Laying Out the Law

FeeltheKern's picture

I'm working on a site for a law firm. This is not something that's my usual forte -- both web design and conservative, traditional design, that is. This site is being built in Flash, so I can use whatever font(s) work, but a lot of the obvious traditional serifed faces seem really hard on the eyes when displayed on screen, and a lot of the sans faces that look crisp on screen feel too modern, tech, or casual. Any suggestions?

riccard0's picture

Not specifically for websites, but still:
http://www.typographyforlawyers.com/

Frode Bo Helland's picture

Rembember that you need good interaction with search engines for a business like a law firm. That is not were Flash exceeds, and neither is deep linking.

Frode Bo Helland's picture

Matthew Butterick does recommend Minion, so maybe Minion Web is something for you to look at.

If the only reason you decided to use Flash was font supporty you should also consider @font-face or a sIFR-like technology. More info in: this thread. Most foundries allow “secure” web embedding technologies like sIFR.

FeeltheKern's picture

@frode frank: The use of Flash was just something I was given in the brief, not a decision on my end. I'm just handing my .psds off to a developer. I've seen many workarounds for SEO in Flash, like if you keep all your txt and html files that get fed into your .swf file(s) in one clear folder, when the google crawlers come knocking, they don't have too much trouble going through these files. Of course, you are right that Flash is not the best when it comes to SEO, but since this firm is more the kind people specifically seek out, and less the kind on billboards and bus stop benches that will get you a cash settlement today, I don't know that they need to come up on google's first page when you search for legal advice.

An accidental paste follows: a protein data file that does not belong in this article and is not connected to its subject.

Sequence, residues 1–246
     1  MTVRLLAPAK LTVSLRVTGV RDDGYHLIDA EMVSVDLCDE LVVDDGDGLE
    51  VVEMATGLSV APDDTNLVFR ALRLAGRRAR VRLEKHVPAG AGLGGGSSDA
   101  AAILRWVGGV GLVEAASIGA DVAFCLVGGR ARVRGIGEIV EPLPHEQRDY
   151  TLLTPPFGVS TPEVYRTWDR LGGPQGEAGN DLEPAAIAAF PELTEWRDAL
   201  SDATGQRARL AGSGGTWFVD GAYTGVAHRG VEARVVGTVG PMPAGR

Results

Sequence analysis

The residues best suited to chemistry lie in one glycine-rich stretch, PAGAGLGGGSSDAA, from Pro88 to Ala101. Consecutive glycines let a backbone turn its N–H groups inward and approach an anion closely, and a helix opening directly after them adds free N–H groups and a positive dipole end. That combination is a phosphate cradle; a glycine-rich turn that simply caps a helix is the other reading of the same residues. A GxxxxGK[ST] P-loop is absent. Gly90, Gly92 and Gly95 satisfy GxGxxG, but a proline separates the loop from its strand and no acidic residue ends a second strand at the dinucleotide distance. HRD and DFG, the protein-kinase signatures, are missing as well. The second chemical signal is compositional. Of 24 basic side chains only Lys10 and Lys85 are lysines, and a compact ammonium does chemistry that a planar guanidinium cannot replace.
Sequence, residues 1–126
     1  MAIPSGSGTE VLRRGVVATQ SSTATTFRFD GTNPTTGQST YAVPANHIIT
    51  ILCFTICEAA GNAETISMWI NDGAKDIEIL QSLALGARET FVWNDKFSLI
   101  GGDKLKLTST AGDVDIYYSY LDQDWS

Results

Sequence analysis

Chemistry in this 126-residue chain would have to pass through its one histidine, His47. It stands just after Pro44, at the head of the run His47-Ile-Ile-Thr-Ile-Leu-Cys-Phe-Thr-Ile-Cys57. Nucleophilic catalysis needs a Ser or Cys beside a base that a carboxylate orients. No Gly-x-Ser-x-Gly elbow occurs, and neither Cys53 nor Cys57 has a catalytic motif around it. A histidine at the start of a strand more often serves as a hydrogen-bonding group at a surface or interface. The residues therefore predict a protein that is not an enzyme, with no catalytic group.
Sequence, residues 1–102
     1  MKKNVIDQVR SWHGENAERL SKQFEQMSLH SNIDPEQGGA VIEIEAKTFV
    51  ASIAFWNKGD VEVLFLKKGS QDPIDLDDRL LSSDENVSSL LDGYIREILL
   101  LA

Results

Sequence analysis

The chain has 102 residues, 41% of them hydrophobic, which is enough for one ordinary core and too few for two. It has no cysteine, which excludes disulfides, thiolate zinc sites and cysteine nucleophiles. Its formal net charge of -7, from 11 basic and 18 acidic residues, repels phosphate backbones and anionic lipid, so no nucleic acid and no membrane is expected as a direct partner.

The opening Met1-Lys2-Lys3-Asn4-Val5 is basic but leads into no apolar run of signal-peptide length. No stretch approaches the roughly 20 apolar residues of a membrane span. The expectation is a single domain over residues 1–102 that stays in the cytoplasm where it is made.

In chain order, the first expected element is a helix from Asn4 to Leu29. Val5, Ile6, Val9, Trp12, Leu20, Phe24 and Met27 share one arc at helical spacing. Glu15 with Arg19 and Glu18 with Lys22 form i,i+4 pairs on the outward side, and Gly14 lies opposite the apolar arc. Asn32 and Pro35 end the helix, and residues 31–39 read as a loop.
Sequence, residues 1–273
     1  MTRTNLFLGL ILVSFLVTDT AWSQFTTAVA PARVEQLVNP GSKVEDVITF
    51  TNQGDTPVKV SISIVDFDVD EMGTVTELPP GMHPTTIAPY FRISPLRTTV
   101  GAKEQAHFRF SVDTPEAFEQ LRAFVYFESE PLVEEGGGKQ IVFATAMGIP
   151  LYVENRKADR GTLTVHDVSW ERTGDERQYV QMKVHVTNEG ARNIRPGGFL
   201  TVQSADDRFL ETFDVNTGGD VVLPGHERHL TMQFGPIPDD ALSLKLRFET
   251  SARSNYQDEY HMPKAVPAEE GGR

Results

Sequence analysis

aluminum's picture

"Rembember that you need good interaction with search engines"

More important, you need good interaction with end-users/potential customers. Flash isn't always (often USUALLY) the best option for that.

Whatever you do, though, err on the side of the type being large as it's not necessarily easy for end-users to resize flash rendered type. Given that, if you're perhaps going 14px or so, you might find that a lot of the faces will meet your needs.

Frode Bo Helland's picture

Josh: I'm so used to doing programming and design myself, that I just assumed you were to. Forgive me! Does your client have a logo, or some identity guidelines? If so, it will be easier to narrow down your search.

Syndicate content Syndicate content